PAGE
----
If you ask people what they think of Merlot, you’ll likely get varied reactions – some loving it, and some hating it. This reflects the ranging quality and styles available on the market, but also, it likely represents confusion and generalisations about the widely planted grape varietal.
Merlot was first grown in Bordeaux centuries ago, and is still today the most widely planted grape in the esteemed French wine region (despite the common assumption that this is Cabernet Sauvignon). In the 1800’s, the cultivar made its way to America, and has since established itself as one of the most dominant grapes in the US.
Merlot grapes are rich and dark in colour, almost blue, producing deeply coloured red wines
The differences between Old and New World Merlot are quite distinct. Understanding these differences is key to understanding Merlot, and discovering why the varietal has something to offer to new wine drinkers and experts alike.
Here’s the breakdown:
- France and America are recognised for producing much of the world’s Merlot (though in pretty contrasting styles); there is also significant production in in Chile, Italy and Australia
- On the wine, Merlot grapes tend to be very dark in colour, almost blue; they produce low-tannin, soft wines that are deep in colour, body, alcohol and fruit (ranging from 13.5%-14.5%)
- There are a number of differences between cool-climate European Merlots and those from warmer, New World regions:
- Because of Merlot’s supple texture and smooth profile, winemakers in Bordeaux found the grape particularly useful in blends, helping soften harsher, tannic varietals such as Cabernet Sauvignon; today, some of Bordeaux’s best wines are a blend of these grapes
- In the way France often blends Merlot with Cabernet Sauvignon, Cabernet Franc and Malbec, other wine regions follow suit – in Italy, Merlot is also blended with Cabernet Sauvignon and Cabernet Franc as well as Sangiovese; in Spain, this is often implemented with Tempranillo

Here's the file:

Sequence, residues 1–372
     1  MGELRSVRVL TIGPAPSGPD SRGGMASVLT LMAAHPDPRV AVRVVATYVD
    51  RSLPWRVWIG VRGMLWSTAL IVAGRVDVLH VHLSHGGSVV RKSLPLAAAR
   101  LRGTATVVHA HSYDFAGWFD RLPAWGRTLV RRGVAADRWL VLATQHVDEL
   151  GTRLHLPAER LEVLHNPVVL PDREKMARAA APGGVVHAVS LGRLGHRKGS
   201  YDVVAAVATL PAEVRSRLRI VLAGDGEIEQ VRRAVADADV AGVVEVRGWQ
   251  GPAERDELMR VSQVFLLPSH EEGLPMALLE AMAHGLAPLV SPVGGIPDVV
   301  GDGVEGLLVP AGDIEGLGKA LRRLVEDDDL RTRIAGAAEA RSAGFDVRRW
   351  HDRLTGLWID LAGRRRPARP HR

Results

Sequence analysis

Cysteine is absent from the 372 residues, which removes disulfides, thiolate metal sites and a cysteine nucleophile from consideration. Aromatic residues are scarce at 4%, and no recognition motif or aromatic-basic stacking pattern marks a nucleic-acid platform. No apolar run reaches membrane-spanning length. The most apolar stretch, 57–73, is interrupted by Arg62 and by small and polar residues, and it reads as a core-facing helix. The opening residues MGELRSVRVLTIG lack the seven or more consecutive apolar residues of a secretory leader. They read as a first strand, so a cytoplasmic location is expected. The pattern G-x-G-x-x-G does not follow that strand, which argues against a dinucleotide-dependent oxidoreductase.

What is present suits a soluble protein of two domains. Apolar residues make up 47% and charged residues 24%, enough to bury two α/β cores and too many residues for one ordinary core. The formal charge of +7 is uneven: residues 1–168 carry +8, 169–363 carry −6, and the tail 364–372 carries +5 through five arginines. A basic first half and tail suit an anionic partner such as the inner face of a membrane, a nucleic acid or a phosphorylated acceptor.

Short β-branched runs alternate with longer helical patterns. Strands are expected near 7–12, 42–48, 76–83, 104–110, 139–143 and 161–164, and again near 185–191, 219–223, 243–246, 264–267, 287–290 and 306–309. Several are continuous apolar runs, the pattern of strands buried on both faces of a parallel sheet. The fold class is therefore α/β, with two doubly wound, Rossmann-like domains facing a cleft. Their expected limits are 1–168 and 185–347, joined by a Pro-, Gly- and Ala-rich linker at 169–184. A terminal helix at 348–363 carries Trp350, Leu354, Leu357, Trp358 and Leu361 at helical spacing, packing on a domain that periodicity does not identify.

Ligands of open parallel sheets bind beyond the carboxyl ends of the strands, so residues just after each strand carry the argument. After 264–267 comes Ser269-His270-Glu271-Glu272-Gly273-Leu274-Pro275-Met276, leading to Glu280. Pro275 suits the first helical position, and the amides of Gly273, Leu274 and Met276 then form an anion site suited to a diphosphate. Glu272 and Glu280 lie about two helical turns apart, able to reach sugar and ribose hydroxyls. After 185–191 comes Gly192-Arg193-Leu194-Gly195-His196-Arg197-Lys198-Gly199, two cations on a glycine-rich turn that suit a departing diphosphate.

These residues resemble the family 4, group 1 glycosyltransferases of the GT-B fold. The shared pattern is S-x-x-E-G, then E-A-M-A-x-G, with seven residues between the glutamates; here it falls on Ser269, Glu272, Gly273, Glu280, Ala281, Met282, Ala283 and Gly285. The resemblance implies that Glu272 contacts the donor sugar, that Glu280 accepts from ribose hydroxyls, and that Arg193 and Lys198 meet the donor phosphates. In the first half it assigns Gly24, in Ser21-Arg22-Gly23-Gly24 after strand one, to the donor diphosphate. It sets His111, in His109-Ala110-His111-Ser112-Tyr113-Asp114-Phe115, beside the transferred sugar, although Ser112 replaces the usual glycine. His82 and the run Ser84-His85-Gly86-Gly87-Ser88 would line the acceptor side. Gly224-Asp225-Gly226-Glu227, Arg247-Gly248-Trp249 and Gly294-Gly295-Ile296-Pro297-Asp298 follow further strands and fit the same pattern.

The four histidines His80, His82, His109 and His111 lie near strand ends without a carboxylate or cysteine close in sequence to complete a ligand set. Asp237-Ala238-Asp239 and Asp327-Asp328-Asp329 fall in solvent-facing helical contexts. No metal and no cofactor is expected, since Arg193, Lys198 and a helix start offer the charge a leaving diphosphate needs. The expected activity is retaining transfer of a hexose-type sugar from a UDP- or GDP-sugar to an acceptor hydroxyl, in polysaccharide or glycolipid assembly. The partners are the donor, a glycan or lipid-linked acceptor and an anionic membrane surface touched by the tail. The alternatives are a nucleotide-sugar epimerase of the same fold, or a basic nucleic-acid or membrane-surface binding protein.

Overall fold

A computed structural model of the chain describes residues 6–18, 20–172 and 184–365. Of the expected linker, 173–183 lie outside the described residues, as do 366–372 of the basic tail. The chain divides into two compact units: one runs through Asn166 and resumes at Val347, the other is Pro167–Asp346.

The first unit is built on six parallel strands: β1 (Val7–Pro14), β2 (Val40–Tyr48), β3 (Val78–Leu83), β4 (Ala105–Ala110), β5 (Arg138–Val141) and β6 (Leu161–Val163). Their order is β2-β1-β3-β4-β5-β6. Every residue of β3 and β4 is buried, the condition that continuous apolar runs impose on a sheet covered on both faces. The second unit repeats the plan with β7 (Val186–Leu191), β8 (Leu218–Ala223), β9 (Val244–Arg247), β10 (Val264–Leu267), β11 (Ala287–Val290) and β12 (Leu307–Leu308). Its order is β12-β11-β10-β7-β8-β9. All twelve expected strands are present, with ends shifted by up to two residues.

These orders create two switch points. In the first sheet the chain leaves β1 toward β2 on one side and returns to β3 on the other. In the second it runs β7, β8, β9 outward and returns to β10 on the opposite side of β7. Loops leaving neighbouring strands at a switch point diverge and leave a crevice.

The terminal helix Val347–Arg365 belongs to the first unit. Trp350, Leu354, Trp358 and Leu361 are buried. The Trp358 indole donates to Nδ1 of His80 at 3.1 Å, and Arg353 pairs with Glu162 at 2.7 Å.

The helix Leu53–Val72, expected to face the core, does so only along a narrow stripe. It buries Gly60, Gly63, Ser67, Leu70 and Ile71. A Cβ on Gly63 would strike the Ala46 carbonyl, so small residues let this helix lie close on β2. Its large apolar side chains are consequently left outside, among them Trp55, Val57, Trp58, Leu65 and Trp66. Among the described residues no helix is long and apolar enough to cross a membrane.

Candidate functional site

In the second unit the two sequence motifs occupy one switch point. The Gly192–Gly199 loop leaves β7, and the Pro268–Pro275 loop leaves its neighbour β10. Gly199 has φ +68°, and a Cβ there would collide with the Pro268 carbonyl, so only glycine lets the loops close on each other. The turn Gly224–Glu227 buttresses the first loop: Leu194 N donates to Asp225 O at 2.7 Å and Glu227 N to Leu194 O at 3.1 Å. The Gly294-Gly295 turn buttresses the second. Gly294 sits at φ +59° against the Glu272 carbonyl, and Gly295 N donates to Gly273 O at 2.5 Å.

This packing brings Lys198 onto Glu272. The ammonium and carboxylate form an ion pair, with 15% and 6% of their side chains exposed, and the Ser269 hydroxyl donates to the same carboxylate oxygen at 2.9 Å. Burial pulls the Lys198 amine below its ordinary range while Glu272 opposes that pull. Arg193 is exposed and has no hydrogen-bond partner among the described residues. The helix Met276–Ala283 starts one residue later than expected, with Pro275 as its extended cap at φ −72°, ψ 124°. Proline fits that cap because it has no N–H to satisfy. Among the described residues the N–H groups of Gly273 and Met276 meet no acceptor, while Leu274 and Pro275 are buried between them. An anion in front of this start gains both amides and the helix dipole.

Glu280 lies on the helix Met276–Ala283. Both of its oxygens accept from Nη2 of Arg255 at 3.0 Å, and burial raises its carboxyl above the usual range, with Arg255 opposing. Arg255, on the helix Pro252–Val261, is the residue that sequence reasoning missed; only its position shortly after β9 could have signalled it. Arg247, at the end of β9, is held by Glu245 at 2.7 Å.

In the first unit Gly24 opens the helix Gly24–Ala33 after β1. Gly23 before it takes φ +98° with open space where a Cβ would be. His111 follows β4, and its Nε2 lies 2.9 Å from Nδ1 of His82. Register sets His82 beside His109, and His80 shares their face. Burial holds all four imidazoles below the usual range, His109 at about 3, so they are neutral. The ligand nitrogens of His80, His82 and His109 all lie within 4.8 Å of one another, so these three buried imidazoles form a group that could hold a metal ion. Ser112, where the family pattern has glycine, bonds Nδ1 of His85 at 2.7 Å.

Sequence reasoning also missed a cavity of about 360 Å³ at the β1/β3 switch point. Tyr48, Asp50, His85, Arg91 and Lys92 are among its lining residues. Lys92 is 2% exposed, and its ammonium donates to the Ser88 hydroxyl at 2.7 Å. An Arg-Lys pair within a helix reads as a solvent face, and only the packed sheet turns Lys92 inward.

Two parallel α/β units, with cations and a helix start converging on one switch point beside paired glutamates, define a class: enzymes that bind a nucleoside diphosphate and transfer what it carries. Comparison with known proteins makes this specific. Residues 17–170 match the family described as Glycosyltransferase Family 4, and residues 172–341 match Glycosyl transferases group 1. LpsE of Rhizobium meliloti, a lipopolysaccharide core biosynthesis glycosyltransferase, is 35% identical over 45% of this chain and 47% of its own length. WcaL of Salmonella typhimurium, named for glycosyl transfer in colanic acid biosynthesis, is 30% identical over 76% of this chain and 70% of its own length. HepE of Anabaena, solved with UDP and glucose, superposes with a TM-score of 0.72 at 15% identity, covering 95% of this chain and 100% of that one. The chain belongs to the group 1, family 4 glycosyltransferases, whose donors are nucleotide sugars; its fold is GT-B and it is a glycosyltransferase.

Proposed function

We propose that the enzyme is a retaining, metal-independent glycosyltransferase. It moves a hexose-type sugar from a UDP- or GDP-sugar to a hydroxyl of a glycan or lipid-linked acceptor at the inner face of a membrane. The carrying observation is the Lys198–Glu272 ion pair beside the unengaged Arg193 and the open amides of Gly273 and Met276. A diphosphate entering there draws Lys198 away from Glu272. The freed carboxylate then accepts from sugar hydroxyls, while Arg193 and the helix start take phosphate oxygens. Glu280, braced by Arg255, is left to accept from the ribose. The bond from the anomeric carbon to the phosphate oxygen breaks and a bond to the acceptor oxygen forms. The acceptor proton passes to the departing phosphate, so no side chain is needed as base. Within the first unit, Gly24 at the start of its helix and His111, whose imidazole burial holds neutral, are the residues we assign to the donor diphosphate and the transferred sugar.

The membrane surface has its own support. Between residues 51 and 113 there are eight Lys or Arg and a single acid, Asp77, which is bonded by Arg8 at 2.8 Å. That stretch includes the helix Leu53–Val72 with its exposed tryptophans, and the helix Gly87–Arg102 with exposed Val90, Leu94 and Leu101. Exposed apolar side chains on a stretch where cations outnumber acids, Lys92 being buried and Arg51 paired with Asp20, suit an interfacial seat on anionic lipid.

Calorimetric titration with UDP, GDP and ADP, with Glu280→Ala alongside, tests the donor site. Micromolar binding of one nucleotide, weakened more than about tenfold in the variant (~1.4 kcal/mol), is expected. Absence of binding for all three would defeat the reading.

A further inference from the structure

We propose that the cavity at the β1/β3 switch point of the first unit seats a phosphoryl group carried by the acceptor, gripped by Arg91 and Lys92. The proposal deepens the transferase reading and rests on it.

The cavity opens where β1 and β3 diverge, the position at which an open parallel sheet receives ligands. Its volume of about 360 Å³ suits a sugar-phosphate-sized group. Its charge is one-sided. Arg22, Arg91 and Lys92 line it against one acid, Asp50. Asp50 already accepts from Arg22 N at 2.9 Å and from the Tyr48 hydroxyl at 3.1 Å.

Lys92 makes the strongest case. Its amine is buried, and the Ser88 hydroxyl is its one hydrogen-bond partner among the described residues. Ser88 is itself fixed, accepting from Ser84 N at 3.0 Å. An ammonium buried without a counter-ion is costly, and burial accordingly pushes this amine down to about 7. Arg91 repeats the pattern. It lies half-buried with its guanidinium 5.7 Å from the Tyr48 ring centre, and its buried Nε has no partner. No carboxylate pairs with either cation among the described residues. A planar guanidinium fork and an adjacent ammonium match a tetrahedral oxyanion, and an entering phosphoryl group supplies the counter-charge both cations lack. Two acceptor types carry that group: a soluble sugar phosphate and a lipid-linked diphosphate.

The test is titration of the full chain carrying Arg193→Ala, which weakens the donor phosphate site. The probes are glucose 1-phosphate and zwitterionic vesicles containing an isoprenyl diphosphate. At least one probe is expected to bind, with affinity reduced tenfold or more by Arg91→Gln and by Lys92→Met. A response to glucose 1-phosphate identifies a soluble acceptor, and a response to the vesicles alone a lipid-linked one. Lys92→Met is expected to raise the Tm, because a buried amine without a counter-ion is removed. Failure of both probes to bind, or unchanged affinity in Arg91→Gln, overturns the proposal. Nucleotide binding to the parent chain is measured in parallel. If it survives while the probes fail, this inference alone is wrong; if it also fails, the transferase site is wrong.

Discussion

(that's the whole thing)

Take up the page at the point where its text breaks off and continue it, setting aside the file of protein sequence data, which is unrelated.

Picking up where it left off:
- Furthermore, traditional Old World methods involve picking Merlot grapes on the earlier side – this preserves some acidity and keeps alcohol content lower for a more medium-bodied wine and notes of red fruit (i.e. raspberry, strawberry) instead of very dark ones
- In contrast to this French approach, the New World (i.e., Californian) approach to Merlot tends to showcase the varietal on its own, unblended
- Merlot also tends to be picked later in warmer, New World climates, creating a really full-bodied, higher ABV wine that is very velvety, fruity and (sometimes) elegant
- Since California dove into Merlot production, consumers came to associate the varietal with big, jammy wines; this broadened production of single-varietal also meant many cheaper bottles landing on the shelves, some of which left Merlot with a bad rap
- In recent years, California, Washington and other New World producers shifted these perceptions of Merlot, incorporating Bordeaux-style blending techniques and other means to production; there are some really fantastic bottles coming from each of these markets
Chile produces much of South America’s Merlot, but wineries across the continent, including Argentina, Uruguay and Brazil, all grow and produce the varietal
In summary, Merlot runs the gamut in terms of weight, tannins and texture, and fruit can vary depending on where and how the wine is grown, picked and bottled. With such a range, and all of Merlots being quite supple, the good ones do pair well with food, particularly New World Merlot. Old World, lighter-bodied styles work with grilled or charred meats, but the bigger, fuller styles are ideal for rich, earthy dishes – think buttery mushrooms, sautéed greens and decadent platters of cured meats, olives and cheeses.
A side-by-side tasting is a great way to appreciate these differences in style. Something like a Saint-Émillion Cabernet-Merlot and a Sonoma Merlot would showcase this nicely. For something in between, an Australian blend can be an ideal balance – WA’s Mount Trio makes a nice Cabernet-Merlot. Victoria’s Crawford River also make an amazing blend.
Note: you may come across white Merlot (not to be confused with Merlot blanc, which is blended with another varietal) – in making white Merlot, the grapes are left briefly in contact with the skins before being crushed, resulting in a pale pink wine. Majority of the time though, any Merlot you encounter will be a red.
For more interesting wine stuff, follow us on: